The annual display of photographs put on by members of the Association of International Photography Art Dealers (AIPAD) is one of the highlights of the photography year here in New York and an event that I look forward to attending each year.
This year’s event was held from April 14 to 17 at the Park Avenue Armory and I did indeed have the pleasure of attending the show’s opening night preview. I normally like to return one day on the weekend to see more, but unfortunately, as I had other plans that weekend, most of what I saw were photos placed and the walls and less so those that were in the bins (where one never knows what one will find).
So, how was this year’s show? It got off on a good note right from the start with a nice presentation of prints by Robert Mapplethorpe by the Weinstein Gallery on the wall to the left right inside the entrance.
Another wall with a fascinating series of images on it was presented by Kicken Berlin, with a 1950 series of oscillations by Peter Keetman (1916 – 2005), a German photographer who I was unfamiliar with but whose work definitely warrants looking into further.
A different European photographer of note whose work was new to me was Gilbert Garcin, represented by the Stephen Bulger Gallery. I was told that Mr. Garcin, a Frenchman who is now 86 years old, makes photographs of himself and others and places them into other photos via collage. The results are quite whimsical and very charming indeed.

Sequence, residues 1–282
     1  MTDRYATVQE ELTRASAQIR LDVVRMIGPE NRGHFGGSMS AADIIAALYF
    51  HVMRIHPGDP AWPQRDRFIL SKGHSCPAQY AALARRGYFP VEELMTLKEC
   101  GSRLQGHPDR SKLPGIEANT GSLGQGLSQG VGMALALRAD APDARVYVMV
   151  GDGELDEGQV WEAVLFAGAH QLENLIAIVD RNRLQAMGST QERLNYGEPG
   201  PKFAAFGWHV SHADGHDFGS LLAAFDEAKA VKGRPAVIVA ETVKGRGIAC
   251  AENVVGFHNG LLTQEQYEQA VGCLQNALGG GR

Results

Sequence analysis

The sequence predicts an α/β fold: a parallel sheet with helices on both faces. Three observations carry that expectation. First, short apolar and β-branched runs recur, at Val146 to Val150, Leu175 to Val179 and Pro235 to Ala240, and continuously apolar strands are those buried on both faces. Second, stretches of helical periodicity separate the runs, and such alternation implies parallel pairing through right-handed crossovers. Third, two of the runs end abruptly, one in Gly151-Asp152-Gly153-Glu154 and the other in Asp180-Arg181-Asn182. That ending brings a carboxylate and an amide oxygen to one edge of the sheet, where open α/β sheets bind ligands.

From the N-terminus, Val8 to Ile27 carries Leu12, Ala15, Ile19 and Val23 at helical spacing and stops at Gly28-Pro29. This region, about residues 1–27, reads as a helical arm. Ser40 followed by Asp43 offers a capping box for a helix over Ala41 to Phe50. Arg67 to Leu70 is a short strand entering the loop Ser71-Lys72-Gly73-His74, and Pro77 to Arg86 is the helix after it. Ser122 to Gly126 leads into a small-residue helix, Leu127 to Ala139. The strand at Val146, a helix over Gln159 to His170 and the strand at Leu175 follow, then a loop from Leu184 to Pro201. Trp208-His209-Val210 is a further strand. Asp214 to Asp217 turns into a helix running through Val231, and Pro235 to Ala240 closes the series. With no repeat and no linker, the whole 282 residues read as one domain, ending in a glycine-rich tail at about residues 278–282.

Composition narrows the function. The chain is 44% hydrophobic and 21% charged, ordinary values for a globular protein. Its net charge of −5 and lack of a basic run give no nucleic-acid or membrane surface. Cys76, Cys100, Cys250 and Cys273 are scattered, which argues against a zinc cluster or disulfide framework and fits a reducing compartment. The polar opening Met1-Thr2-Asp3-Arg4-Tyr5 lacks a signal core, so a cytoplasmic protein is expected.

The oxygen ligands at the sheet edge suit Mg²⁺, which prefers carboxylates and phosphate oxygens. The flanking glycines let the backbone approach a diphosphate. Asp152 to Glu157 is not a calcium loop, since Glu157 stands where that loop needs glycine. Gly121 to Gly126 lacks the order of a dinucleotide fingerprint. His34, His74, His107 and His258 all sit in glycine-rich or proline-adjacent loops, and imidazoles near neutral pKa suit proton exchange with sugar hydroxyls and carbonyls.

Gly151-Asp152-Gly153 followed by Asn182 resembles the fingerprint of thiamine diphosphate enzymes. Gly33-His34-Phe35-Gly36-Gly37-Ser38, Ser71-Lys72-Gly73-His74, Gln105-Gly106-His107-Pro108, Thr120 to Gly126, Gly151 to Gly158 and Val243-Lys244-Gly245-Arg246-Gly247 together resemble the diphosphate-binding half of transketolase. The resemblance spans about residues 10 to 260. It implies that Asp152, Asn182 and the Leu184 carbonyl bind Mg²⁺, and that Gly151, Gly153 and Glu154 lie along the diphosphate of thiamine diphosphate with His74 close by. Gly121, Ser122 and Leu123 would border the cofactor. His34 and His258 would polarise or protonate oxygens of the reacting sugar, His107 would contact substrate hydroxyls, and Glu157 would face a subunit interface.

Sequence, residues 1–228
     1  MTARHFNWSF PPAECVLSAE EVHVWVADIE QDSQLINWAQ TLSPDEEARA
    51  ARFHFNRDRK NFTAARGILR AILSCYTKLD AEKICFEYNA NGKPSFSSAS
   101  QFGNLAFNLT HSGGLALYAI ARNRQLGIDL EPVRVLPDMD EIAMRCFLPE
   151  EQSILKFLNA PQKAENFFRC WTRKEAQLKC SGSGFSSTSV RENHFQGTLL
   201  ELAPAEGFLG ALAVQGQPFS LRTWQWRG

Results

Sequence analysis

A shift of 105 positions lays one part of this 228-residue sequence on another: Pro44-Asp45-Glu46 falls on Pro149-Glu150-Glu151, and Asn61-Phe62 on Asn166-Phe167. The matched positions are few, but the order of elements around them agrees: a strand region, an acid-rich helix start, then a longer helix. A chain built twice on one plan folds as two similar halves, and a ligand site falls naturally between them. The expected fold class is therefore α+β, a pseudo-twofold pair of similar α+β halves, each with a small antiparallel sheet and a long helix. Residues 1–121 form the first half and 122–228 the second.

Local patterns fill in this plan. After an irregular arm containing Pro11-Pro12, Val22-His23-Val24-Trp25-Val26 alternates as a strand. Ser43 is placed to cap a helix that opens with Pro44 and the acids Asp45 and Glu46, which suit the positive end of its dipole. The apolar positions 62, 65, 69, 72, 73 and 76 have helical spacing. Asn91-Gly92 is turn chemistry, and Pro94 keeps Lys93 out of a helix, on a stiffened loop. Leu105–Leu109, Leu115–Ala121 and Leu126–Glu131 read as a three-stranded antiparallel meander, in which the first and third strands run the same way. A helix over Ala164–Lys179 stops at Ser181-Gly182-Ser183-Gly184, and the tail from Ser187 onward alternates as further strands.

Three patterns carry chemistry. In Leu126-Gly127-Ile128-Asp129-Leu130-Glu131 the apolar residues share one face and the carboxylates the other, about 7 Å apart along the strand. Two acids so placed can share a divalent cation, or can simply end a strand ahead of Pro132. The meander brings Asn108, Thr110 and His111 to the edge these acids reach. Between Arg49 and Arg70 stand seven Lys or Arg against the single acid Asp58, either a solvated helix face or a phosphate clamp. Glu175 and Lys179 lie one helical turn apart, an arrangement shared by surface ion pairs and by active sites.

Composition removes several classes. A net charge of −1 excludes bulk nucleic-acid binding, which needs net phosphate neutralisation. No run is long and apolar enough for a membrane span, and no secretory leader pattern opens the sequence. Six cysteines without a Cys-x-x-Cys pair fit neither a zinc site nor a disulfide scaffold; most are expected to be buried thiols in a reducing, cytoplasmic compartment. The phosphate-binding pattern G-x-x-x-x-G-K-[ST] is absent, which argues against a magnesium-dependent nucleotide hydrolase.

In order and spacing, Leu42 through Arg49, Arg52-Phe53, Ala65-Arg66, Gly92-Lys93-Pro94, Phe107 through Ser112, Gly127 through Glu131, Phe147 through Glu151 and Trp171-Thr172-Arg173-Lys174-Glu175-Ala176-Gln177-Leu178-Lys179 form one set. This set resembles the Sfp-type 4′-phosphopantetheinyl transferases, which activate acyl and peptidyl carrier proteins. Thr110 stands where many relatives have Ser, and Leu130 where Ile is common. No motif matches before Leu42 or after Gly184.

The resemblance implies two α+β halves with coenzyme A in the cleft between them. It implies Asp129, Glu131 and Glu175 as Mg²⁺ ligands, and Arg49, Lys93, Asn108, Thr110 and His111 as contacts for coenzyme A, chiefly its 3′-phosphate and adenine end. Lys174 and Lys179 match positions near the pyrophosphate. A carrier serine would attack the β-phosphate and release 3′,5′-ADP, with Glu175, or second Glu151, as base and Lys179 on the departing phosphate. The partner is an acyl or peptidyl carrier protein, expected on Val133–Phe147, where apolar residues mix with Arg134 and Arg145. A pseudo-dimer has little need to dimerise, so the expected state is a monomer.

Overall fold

Of course, the AIPAD show has plenty of photos by the familiar “greats” of photography. One of those is Edward Weston, and while many of the examples that one sees of his work were printed by his son Cole, it is always good to see prints that Edward made and signed himself, such as the two nudes of Charis Wilson on display at the Scott Nichols Gallery.
Other figurative photos of interest included Flor Garduño’s classic “Vestido Eterno” at Throckmorton Fine Art, and a couple of charming photos of Bettie Page by Joseph Hanson at Henry Feldstein’s booth.
On the bizarre side of things, I don’t think anything topped Douchenne de Boulogne & Adrienne Tournachon’s vintage “Terror Mixed with Pain, Torture, 1855-56,” showing a man apparently being shocked by electrodes, at Hans P. Kraus, Jr. On the other side of the spectrum, Kraus also had a beautiful photograph of the Roman forum, made by an unknown photographer in 1857.
While my own particular taste in photography leans heavily on the monochrome side, there were some color photographs that I liked too. Perhaps the most notable of these was Jeffery Milstein’s large aerial photograph of an amusement park at Coney Island at the Kopeikin Gallery. Other color prints that caught my attention were a large, fun David LaChapelle work at Staley-Wise; a large color portrait of a Chasidic Jewish family (with a bunch of bored looking kids) by Frederic Brenner at the Howard Greenberg Gallery; Ralph Morse’s “Seven Mercury Astronauts” at Keith de Lellis; Simone Rosenbauer’s 2014 series of ice cream pops, “ Like Ice in the Sunshine,” at Laurence Miller; and a beautiful large 1947 work by Horst at Robert Klein Gallery.
For some well done photographic works using non-traditional methods, there were the glass gellage pieces by Michael Macku at Paci Contemporary.
Of course, these photos mentioned are just some highlights of the show, so I’m presenting them here with a few other photos that I have not written about.